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Adaptive Instruction for Teacher Education: Inclusive Approaches, Resources and Technology
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How to Differentiate Instruction

 

It starts with the teacher’s focus on the students' needs, which includes their readiness, interests and learning preferences. Teachers then differentiate the content, process and product.

As well as meeting the needs of learners, when we, as teachers show our concern and interest for each student's learning needs, we create a positive classroom environment where each student feels valued and included. 

To quote Lambert and McCombs (1998),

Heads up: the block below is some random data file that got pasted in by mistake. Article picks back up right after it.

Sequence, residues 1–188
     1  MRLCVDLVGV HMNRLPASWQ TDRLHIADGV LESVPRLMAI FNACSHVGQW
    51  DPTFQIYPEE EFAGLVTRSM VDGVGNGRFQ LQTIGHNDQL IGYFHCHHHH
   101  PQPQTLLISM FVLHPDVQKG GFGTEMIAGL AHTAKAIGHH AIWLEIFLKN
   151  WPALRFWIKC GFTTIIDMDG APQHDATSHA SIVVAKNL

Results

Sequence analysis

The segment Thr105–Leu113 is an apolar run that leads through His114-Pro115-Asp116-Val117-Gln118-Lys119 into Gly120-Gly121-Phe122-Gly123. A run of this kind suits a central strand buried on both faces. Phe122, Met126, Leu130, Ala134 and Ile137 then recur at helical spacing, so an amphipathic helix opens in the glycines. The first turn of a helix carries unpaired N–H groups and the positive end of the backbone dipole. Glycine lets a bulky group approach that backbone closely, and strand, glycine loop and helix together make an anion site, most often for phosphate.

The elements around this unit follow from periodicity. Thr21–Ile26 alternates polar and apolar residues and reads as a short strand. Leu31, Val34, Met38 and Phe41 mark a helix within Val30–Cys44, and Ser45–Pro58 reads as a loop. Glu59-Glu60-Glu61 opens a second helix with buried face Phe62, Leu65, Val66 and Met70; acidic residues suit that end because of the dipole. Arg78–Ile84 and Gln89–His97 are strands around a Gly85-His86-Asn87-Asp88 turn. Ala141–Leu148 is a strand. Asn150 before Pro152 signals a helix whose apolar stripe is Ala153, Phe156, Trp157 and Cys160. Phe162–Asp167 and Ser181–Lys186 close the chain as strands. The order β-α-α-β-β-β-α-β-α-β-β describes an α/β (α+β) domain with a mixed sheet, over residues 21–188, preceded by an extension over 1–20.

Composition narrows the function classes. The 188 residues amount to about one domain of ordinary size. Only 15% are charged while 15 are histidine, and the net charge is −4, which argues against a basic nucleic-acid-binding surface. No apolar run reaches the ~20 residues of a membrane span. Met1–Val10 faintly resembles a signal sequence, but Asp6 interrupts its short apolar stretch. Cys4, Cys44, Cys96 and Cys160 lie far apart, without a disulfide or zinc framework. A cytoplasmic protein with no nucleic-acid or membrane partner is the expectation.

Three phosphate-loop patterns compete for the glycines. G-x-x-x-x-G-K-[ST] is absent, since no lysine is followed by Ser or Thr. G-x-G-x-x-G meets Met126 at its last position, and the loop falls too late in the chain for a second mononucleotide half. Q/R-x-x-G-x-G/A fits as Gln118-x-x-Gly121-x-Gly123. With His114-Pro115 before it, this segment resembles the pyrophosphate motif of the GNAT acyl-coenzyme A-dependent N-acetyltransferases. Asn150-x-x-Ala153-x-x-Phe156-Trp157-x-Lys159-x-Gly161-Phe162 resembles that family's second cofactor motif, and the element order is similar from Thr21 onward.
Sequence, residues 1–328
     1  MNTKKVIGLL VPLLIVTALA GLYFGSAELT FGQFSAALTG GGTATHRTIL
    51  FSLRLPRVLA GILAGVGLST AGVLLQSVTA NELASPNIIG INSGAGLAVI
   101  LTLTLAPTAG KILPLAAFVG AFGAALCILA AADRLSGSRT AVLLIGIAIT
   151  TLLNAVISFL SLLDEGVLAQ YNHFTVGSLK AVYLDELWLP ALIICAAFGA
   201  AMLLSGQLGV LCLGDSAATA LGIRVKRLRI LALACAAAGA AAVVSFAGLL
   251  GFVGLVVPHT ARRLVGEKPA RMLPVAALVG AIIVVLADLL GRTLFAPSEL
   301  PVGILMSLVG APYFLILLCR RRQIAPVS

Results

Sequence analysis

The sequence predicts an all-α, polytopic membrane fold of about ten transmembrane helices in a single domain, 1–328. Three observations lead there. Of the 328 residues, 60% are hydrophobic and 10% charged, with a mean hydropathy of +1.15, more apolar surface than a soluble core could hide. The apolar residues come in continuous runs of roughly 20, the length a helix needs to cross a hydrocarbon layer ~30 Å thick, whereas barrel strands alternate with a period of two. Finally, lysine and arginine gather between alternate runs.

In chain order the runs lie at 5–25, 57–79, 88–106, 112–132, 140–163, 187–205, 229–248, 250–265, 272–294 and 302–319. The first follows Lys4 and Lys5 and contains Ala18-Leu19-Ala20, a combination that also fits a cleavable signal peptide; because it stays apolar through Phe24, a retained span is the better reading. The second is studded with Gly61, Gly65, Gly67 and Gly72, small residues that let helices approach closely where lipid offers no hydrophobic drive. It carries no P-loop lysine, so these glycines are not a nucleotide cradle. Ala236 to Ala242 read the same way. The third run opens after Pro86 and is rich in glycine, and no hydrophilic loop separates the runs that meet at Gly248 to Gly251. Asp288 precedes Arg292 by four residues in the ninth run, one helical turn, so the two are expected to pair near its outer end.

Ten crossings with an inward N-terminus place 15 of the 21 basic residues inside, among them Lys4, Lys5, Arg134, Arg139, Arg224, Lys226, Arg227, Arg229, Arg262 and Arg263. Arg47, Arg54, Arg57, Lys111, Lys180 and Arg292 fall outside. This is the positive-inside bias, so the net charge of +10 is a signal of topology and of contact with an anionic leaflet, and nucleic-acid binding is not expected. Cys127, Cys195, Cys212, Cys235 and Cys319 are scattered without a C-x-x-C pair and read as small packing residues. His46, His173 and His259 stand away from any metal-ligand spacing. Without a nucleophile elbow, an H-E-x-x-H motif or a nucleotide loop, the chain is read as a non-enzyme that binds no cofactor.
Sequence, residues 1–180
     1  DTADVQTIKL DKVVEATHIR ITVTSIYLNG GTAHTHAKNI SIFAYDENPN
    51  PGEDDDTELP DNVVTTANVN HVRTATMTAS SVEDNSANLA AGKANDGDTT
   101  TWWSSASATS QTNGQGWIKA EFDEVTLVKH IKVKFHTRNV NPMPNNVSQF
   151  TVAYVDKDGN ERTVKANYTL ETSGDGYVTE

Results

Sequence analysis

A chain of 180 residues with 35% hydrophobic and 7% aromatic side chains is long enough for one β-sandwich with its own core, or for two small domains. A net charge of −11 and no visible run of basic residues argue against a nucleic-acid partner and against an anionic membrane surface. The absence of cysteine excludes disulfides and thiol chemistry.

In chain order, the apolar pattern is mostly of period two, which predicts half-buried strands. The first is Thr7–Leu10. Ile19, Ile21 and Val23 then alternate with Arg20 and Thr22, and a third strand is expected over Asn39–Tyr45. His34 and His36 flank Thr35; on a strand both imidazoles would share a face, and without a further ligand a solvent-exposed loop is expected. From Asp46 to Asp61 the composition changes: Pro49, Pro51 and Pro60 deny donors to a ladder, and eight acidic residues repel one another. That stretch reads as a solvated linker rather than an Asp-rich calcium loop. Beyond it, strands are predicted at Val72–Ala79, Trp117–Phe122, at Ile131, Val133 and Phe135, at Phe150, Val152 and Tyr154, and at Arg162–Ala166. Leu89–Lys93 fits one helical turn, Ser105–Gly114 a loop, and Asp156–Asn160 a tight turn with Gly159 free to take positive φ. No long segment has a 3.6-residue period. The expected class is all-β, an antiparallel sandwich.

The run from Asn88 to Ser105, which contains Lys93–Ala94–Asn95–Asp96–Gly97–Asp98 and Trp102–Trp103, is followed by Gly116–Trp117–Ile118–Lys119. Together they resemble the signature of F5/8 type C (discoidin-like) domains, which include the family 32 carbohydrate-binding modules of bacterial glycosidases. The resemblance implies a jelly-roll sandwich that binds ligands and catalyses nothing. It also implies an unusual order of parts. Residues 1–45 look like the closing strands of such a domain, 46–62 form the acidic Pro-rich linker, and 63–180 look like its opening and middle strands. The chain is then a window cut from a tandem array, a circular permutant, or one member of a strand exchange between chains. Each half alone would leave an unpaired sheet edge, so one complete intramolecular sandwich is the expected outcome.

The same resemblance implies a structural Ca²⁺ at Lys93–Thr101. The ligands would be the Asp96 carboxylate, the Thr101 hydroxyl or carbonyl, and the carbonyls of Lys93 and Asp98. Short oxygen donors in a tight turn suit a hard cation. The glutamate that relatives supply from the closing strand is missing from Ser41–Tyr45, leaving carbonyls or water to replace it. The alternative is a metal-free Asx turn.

Learning occurs best in an environment that contains positive interpersonal relationships and interactions, comfort and order, and in which the learner feels appreciated, acknowledged, respected and validated.

In Earl, Lorna M. (2003). Using Classroom Assessment to Maximize  Student Learning, p. 39

Differentiation can and should occur for Content, Process and Product as shown in the diagram below.

Teachers can differentiate by

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Respectful Tasks (Meaningful)
Flexible Groupings
Continual Assessment

Teachers can differentiate through

Content
Process
Product

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according to students'

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Readiness
Interest
Learning Styles


Adapted from Education for All, (2005, Ministry of Education of Ontario) and Tomlinson, C.A. (1999, The Differentiated Classroom: Responding to the Needs of All Learners, Alexandria, VA: ASCD).

Both of these resources contain a listing of various teaching strategies that can be used to achieve the desired goals.